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I write the biweekly “Beliefs” column for The New York Times and also report for The Atlantic, The Nation, This American Life, and elsewhere. I have four daughters and two dogs.

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Do Jews have dirtier mouths and minds?


That is sort of the question being posed by a book I very much hope to read soon, Josh Lambert’s Unclean Lips. A review by the erudite Stephen Whitfield just went up at the LA Review of Books. An excerpt:

Have Jewish writers shown a proclivity for transgressions of good taste, for violating community standards of decency? Consider the roll call.

Henry Roth leads the short list that literary scholars have compiled of the major Jewish novelists of the interwar period. Josh Lambert devotes nearly twenty pages to examining how Roth’s first novel, Call It Sleep (1934), pushed the envelope of profanity and expletives, only a year after the ban on Ulysses had been lifted, making permissible description of sexuality such as the soliloquy of Molly Bloom. Call It Sleep was too technically advanced to be popular, and both it and the author vanished for three decades. But Ludwig Lewisohn, whom Lambert considers “by far the most prominent Jewish writer in interwar America,” generated controversy by affiliating himself as well as his fiction with the theme of the primacy of desire over the norms of propriety. The notoriety of Ben Hecht’s second novel, Fantazius Mallare (1922), was assured — even though it was sold only to subscribers — because Hecht was prosecuted, convicted, and fined $1,000 for a work deemed “lewd, obscene and lascivious.” When Norman Mailer published his first novel, The Naked and the Dead (1948), his cousin, an attorney named Charles Rembar, suggested “fug” as an alternative for a word Mailer could not print, though soldiers commonly used it while fighting the Good War.  “Fug” in fact “was phonetically closer than was the classic spelling to the prevailing G.I. gutturals,” Rembar noted. Mailer’s third novel, The Deer Park, was rejected by seven publishers, who feared that it would run afoul of the statutes prohibiting obscenity. The Deer Park nevertheless appeared in 1955.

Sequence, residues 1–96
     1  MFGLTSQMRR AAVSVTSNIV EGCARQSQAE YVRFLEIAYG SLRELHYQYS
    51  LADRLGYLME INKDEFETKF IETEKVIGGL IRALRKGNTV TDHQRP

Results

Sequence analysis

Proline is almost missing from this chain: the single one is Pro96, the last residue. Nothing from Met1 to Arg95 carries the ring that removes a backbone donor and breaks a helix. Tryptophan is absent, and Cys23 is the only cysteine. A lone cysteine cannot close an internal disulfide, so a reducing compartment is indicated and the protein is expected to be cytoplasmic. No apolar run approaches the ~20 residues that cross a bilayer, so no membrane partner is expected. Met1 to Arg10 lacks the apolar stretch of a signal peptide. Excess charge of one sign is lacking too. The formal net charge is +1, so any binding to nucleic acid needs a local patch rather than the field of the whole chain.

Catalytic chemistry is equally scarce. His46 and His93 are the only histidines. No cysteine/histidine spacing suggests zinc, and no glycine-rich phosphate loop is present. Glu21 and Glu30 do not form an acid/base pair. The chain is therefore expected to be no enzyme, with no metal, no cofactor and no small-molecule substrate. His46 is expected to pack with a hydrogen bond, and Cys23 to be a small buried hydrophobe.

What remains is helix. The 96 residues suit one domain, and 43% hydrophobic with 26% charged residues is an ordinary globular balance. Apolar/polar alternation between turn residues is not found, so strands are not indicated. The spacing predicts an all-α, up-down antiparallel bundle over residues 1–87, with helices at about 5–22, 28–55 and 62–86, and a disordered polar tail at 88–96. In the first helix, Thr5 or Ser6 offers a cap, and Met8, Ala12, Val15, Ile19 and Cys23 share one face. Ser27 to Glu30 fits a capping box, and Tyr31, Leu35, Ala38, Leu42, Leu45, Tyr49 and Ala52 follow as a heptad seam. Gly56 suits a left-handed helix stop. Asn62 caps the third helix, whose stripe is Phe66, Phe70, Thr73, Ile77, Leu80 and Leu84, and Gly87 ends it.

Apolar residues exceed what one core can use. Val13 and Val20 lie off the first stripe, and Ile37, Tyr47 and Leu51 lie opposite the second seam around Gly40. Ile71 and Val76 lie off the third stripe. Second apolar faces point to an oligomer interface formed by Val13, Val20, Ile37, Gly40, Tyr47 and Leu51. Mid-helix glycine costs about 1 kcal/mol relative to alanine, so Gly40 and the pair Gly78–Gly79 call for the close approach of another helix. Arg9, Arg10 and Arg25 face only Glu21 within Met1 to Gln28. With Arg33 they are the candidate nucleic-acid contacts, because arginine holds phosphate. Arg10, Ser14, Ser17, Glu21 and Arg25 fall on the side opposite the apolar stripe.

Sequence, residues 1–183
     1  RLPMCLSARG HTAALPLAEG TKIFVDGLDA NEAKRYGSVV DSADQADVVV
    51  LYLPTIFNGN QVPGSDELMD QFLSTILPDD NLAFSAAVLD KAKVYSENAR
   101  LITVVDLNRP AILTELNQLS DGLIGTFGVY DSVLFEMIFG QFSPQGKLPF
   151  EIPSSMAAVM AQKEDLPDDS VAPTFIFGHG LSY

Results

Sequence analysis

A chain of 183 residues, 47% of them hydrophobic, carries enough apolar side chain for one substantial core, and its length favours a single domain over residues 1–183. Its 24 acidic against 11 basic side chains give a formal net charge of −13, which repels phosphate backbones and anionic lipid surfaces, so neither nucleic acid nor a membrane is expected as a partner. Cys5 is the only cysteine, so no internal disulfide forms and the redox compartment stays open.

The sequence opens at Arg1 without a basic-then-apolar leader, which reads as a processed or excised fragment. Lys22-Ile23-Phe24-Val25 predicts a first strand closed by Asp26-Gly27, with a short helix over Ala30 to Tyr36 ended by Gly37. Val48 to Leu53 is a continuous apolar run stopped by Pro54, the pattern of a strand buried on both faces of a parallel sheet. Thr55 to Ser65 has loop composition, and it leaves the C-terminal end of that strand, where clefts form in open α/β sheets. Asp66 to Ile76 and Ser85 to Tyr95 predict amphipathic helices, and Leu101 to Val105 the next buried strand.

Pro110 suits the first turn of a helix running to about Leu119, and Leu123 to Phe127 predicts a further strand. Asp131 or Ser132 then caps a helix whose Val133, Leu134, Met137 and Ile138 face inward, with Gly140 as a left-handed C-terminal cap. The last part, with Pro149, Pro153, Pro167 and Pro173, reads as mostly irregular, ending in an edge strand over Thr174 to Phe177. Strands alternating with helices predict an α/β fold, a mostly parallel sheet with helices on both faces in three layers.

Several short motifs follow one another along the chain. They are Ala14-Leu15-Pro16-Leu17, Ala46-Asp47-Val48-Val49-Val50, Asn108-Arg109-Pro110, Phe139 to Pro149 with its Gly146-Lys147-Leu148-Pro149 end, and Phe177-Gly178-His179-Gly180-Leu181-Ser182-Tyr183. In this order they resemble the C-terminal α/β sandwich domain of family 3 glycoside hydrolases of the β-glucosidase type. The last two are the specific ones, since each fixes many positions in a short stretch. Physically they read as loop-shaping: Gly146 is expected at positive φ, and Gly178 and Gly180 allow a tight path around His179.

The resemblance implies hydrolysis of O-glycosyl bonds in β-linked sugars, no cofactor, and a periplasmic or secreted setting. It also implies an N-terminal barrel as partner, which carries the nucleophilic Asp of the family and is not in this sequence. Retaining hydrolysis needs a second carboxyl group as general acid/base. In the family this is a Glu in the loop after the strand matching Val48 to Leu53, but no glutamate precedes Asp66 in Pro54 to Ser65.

Few novels in postwar America have run more afoul of censors than J.D. Salinger’s The Catcher in the Rye (1951). An entire monograph — Pamela Hunt Steinle’s In Cold Fear (2000) — has examined the phenomenon, with school librarians and teachers suppressing a work that happens to record teenage lingo rather faithfully. In a way, The Catcher in the Rye promotes an ideal of decency, because Holden Caulfield, a champion of the integrity of innocence, wants to erase a “Fuck you” sign on a staircase. He nevertheless comes to realize how befouled the world already is: “If you had a million years to do it in, you couldn’t rub out even half the ‘Fuck you’ signs in the world.”

Though Salinger’s own connection to Judaism was severed after his bar mitzvah ceremony, he nonetheless joined Lambert’s queue of novelists of Jewish origin who have managed to incite charges of obscenity. Or take Portnoy’s Complaint.

How many choco-milk pics does NYTimes have?


Well, at least two. One for my pro-chocolate-milk parenting piece of a couple weeks ago, and another (above) for Motherlode-blog blogger KJ Dell'Antonia, who weighed in here, saying, in part:

Specifically on the question of chocolate milk, my colleague [c’est moi] has a point. He makes an excellent larger point as well. When we constrain our children’s choices too tightly, we limit their ability to make their own choices — and in this case, we lose sight of the goal. Youngsters who could choose chocolate milk drank more milk over all, and they apparently found the other school lunch options more appealing when accompanied by the chocolate stuff, as they chose to buy lunch more often. “In all sorts of ways,” Mr. Oppenheimer writes, “skim milk may be bad for the student body’s nutrition.”